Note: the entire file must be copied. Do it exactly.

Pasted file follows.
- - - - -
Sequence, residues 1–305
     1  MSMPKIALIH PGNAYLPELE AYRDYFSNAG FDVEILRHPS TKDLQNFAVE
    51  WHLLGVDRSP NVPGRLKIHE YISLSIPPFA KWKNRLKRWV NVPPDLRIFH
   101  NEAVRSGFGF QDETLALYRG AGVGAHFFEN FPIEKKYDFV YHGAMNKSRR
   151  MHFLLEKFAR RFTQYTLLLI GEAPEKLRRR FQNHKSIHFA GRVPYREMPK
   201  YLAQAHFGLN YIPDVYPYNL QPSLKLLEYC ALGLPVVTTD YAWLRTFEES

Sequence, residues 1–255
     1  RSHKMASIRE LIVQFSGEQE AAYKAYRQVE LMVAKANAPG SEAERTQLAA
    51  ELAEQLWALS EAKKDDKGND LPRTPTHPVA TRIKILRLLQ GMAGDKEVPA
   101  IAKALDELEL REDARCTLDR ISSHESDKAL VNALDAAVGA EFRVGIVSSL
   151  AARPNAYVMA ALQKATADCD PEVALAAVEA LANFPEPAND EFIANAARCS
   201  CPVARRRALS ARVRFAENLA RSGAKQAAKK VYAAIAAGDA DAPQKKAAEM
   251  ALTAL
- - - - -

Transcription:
Sequence, residues 1–305
     1  MSMPKIALIH PGNAYLPELE AYRDYFSNAG FDVEILRHPS TKDLQNFAVE
    51  WHLLGVDRSP NVPGRLKIHE YISLSIPPFA KWKNRLKRWV NVPPDLRIFH
   101  NEAVRSGFGF QDETLALYRG AGVGAHFFEN FPIEKKYDFV YHGAMNKSRR
   151  MHFLLEKFAR RFTQYTLLLI GEAPEKLRRR FQNHKSIHFA GRVPYREMPK
   201  YLAQAHFGLN YIPDVYPYNL QPSLKLLEYC ALGLPVVTTD YAWLRTFEES

Sequence, residues 1–255
     1  RSHKMASIRE LIVQFSGEQE AAYKAYRQVE LMVAKANAPG SEAERTQLAA
    51  ELAEQLWALS EAKKDDKGND LPRTPTHPVA TRIKILRLLQ GMAGDKEVPA
   101  IAKALDELEL REDARCTLDR ISSHESDKAL VNALDAAVGA EFRVGIVSSL
   151  AARPNAYVMA ALQKATADCD PEVALAAVEA LANFPEPAND EFIANAARCS
   201  CPVARRRALS ARVRFAENLA RSGAKQAAKK VYAAIAAGDA DAPQKKAAEM
   251  ALTAL